Belarusian Economy A Month Before the Elections – Digest of the Belarusian Economy
In the last month before the Presidential elections, the Belarusian economy continues to disappoint. Although decline in GDP has slowed, the -3.5 per cent growth has failed to impress. The Belarusian rouble continues to depreciate as oil prices plunge.
The authorities have promised further liberalisation of the economy in the near future. For now the authorities are tightening the rules and raising taxes. But a relatively low inflation rates gives hope to the possibility of macroeconomic stabilization and future cooperation with the IMF.
Recession slows down
After a dramatic fall in July Belarusian GDP “recovered” in August where it slowed to a decline of -3.5 per cent. The decline of agriculture decreased to only -1.4 per cent in August, which helped to revive GDP. The rest of the economic sectors, however, have not shown any positive signs.
The only sector with a positive rate of growth is still the retail trade, but the future of this sector is murky, as real incomes continue to plunge, and the average wage in August was only $427.
The improvement in the financial state of enterprises represents a significant piece of good news. Outstanding debts to foreign companies declined in July for the first time in 2015. The same is true for received external loans. But this improvement in the accounts may stem from the devaluation of the Russian rouble only, and so not reflect any real improvements.
In September Alexander Lukashenka once again demanded that the level of foreign firm debt be decreased. Usually these debts arise when our exporters deliver the goods with deferred payments, underlining the importance of this problem for many state enterprises.
Liberalisation tomorrow, higher taxes and stricter importing rules today
At the end of September, the government pre-announced once again the new changes to Directive No.4 liberalising regulations for private entrepreneurship. The promises includes equal opportunities for all types of enterprise ownership; stricter legal rules for the cessation of property rights; and a three-year moratorium on the negative changes to tax legislation.
But before the moratorium, the authorities have decided to have one last increase in taxes. Given the difficulties in tax collection, the tax authorities are looking to close all tax loopholes. The proposed changes to the Tax code increase personal income tax from the standard 13 to 16 per cent for those that can legally be caught evading taxes. There is also the introduction of a new tax on gambling winnings and a substantial increase in taxes on artisans.
At the same time the government introduced stricter importing rules. According to the hellishly numbered Resolution No. 666, almost all imported consumer goods have to go through the sanitary controls. This is true for each entire batch and not for only one specimen. As often happens with legislation in Belarus, the Resolution did not clearly define the rules and is still subject to change. But it will clearly have negative effects on importers and will raise the price of imported goods.
The National Bank keeps inflation low
In August-September 2015 the Belarusian rouble suffered another blow, depreciating from 15,248 roubles per dollar on the 1st of August to 17,691 on September 30. The decline in the oil prices caused the depreciation of the Russian rouble, which eventually passed through to the Belarusian rouble. No wonder that the National bank struggles to revive the trust in the rouble.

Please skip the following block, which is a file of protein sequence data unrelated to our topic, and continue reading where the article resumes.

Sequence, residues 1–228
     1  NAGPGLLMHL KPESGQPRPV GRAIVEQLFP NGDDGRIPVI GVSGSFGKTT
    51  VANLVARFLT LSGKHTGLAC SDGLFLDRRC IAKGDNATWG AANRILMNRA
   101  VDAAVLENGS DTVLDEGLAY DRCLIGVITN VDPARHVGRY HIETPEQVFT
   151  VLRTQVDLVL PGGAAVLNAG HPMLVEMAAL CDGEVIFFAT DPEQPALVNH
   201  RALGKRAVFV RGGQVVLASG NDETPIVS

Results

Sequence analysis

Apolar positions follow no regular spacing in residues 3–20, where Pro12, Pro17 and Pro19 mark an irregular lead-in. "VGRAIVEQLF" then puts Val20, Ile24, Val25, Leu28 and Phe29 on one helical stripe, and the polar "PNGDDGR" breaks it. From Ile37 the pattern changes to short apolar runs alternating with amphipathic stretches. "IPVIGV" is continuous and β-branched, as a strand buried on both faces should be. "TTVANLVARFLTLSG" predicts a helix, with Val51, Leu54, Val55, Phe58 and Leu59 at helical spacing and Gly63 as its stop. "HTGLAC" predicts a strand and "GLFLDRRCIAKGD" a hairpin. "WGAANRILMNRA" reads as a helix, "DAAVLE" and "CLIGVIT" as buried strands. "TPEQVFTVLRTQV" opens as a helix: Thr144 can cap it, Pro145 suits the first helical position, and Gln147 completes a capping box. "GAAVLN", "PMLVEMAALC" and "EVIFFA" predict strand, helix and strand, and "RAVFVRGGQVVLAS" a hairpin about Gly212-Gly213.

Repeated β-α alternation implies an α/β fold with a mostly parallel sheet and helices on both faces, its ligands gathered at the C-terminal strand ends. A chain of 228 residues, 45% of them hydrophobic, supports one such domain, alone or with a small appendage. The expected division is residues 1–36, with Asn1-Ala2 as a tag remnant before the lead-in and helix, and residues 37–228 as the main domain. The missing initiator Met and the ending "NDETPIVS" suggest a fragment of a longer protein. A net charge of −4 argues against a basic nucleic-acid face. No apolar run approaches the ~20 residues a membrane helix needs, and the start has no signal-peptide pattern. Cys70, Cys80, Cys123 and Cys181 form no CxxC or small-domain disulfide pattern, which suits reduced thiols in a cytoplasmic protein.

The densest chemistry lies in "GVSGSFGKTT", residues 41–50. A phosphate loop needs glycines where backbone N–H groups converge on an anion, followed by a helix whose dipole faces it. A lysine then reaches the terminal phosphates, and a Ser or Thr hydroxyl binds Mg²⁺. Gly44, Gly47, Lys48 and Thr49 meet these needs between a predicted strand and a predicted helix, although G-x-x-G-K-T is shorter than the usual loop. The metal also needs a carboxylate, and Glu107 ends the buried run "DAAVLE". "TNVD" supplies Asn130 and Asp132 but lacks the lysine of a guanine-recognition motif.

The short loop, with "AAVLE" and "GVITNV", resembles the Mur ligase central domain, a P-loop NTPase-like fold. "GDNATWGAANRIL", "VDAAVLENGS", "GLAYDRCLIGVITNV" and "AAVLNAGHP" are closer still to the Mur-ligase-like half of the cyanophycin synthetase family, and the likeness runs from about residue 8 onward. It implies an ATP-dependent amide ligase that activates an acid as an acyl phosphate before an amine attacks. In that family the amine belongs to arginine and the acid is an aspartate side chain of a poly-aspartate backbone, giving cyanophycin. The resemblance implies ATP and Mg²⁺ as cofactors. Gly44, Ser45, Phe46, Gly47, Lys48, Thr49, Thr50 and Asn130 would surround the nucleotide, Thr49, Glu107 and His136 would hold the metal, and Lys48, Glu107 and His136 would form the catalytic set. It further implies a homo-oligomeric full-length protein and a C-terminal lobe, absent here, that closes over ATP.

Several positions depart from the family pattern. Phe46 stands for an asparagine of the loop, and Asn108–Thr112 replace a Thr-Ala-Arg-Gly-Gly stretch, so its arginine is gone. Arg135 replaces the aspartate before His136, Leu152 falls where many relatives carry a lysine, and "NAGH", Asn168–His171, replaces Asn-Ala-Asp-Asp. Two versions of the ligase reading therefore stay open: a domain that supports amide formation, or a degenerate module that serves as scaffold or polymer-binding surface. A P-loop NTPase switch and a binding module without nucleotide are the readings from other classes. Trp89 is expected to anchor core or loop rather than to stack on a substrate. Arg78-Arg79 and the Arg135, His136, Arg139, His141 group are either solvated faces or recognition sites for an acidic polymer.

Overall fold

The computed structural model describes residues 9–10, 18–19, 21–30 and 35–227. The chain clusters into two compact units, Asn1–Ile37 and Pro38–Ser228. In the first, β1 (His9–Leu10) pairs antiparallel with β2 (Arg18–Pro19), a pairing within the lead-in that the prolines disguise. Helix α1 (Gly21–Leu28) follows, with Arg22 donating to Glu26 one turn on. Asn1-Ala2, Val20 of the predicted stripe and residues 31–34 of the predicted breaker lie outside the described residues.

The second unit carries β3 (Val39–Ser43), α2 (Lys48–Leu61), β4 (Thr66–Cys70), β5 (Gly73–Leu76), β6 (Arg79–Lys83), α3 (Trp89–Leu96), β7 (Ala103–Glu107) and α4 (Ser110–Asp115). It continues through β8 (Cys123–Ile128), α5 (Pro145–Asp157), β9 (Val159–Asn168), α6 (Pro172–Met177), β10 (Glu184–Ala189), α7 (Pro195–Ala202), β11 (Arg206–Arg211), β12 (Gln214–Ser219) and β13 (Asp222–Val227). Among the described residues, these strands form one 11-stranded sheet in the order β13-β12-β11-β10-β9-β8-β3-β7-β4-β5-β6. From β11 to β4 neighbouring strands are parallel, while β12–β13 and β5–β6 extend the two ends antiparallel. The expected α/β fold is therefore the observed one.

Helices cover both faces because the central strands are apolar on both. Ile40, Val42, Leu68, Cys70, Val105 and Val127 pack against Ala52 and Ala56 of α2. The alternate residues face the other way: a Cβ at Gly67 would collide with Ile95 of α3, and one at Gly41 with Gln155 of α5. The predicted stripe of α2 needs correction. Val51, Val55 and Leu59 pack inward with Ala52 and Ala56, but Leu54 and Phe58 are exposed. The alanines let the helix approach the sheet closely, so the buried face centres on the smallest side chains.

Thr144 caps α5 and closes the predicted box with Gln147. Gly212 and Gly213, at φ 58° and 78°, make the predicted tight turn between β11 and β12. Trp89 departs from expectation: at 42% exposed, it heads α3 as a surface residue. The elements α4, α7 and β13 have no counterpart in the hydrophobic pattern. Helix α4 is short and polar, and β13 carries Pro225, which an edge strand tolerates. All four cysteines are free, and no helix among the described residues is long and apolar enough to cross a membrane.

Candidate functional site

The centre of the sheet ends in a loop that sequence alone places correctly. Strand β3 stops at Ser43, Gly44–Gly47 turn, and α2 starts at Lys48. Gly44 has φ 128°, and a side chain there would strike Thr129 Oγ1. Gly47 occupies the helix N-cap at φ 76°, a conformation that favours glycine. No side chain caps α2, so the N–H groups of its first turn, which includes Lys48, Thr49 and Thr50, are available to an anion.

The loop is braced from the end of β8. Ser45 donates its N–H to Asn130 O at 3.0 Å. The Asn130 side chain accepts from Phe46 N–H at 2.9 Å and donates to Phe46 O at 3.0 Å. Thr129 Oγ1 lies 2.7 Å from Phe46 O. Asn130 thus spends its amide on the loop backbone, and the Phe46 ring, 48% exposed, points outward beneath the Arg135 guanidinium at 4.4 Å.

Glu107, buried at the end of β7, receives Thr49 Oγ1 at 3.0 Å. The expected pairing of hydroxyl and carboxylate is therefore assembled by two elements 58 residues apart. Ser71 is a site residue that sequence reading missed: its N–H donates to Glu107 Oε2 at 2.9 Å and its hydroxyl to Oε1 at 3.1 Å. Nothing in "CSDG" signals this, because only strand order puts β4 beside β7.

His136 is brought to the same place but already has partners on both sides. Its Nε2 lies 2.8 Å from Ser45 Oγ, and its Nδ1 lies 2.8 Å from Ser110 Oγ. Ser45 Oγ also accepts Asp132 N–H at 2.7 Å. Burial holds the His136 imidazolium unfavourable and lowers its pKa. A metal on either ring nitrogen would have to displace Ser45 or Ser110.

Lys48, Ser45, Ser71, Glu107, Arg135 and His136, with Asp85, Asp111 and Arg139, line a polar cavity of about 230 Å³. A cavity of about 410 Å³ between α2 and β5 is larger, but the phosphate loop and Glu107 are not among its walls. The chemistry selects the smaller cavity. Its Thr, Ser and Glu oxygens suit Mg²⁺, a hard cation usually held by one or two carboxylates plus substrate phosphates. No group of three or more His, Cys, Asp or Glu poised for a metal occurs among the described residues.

However, despite another round of depreciation, inflation remains in single digits. In August 2015 prices increased 7.8 per cent compared to December 2014. This figure represents a big win for the National Bank. In the previous years half of the currency depreciation transferred into price growth.
Given the multiple currency depreciation episodes in 2015, we could expect inflation of at least 25%. But the new policies of the National bank managed to destroy the link between depreciation and inflation. The inflation rates in 2015 are so far lower than in 2014, when the exchange rate was stable (see Figure 1).
Figure 1. Inflation in 2014 and 2015, relative to December of previous year
Of course, relatively low inflation comes at a price. The “expensive money” policy and high interest rates put enormous pressure on the economy, making investments very costly.
Recently the vice chairman of the National Bank Taras Nadolny confirmed that the National Bank is not going to decrease the refinancing rate this year. On the one hand this decision makes the inflation forecast of 16 per cent by the end of the year realistic. On the other, the real rate of interest in this situation would be too high to make any kind of investment affordable.
IMF negotiations: will Belarus finally agree to reforms?
The first steps towards macroeconomic stabilisation in Belarus inspire hope for the future cooperation with IMF. On 26 September 2015 the head of IMF Christine Lagarde met with Alexander Lukashenka, presumably to discuss the possibility of a new $3.5bn loan.
Of course, the IMF loan will come with strings attached. Belarus will have to finally reform its economy. The main steps are macroeconomic stabilisation (through the decline in direct lending and money printing), the cancellation of universal utility subsidies and the introduction of proper unemployment insurance and other forms of social support for the labour market.
If the Belarusian government and IMF agree on the terms, after the election the economy will go through some painful reforms, which are, however, necessary for future development.
Kateryna Bornukova, Belarusian Economic Research and Outreach Center (BEROC)
This article is a part of a joint project between Belarus Digest and Belarusian Economic Research and Outreach Center (BEROC)